7 Simple Steps to Build Your Own Business

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If you dream of owning a business but don't know where to start, we break it down into seven easy steps.

While some people are happy to be worker bees, others dream of being able to run the show.

If being a business owner is on your bucket list, you’re in luck. The process isn’t nearly as difficult as you might think.

Of course, there are many ways to start and run a business, and this article isn’t intended as legal advice or a guarantee of your success. However, if you want to run a business that is a step above selling Tupperware on the side, here are seven steps to help you hit the ground running.

Step 1: Start with the right idea

Your successful business starts with the right idea. How do you know if you have the right idea? Let’s answer that question by asking some more questions.

  • Are you passionate about it? Or at least mildly interested?
  • Do you have expertise in the area?
  • Does your idea fill a need?
  • Can it be profitable?
  • What’s the competition like?
  • Do you have access to any needed resources or supplies?

The best ideas often seem to be the simple ones. If you have to go to great lengths to explain why someone might want to buy your service or product, it may be time to head back to the drawing board.

Maybe take a look at other areas with similar demographics and see what businesses are thriving there but aren’t available in your local community. Talk to family and friends or head online to check out what other businesses are doing and how you could possibly do it better. Perhaps you have a hobby that could be turned into a business.

Step 2: Create a plan

Once you have a fairly good idea of your business focus, it’s time to start making some plans – not plans in your head but plans on paper.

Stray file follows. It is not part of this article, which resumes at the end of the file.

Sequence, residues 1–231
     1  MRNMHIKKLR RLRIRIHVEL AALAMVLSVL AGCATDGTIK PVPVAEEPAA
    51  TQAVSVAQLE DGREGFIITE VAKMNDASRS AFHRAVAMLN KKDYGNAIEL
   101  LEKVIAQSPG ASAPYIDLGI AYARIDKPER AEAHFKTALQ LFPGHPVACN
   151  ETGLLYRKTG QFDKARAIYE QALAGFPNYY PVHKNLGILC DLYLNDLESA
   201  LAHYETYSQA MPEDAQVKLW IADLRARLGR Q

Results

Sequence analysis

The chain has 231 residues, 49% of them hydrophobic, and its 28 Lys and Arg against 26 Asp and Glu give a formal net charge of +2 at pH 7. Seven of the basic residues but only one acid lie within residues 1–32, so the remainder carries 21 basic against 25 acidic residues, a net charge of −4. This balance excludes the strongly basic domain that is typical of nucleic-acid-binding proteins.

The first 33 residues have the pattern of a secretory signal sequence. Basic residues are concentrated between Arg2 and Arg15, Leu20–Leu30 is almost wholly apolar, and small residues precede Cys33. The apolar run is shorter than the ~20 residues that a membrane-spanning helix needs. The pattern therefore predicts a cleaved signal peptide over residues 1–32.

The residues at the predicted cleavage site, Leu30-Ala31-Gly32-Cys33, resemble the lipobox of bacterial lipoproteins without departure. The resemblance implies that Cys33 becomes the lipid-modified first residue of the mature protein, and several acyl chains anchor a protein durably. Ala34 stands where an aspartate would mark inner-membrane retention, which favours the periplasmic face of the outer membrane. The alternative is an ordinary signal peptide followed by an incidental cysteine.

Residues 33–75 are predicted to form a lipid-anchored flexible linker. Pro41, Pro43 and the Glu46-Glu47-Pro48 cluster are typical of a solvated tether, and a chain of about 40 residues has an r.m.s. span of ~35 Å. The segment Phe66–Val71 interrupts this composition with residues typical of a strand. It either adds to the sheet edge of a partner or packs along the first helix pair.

Now, some people get stuck on Step One because they fear making a mistake in their business selection. The real mistake is letting the idea phase paralyze you.

At this point, your idea doesn’t need to be golden. You’re not spending any money on it yet. You can change it, or even pitch it, if it ends up not working out.

Creating a formal plan is one way to decide whether your business will be a winner or loser. And by formal plan, I’m not talking about a shiny dossier or professional business plan. I’m talking about you and a notebook sitting down and writing out what needs to happen to transform your “makes-me-giddy” idea into an actual moneymaking business.

My favorite business planning method is to reverse engineer the process. In other words, start with what you envision your established business looking like. Then, look backward and determine what needs to happen to reach that ending point. Make sure you are writing down firm dates for each step in the process.

Don’t worry if you’re not sure whether your timeline is realistic. That’s what Step Three is for.

Step 3: Bring on the experts

As a new business owner, you need a little outside perspective. Fortunately, there are numerous places to get free and unbiased advice.

You can read more about your options in this article regarding the three resources every new business owner needs to know.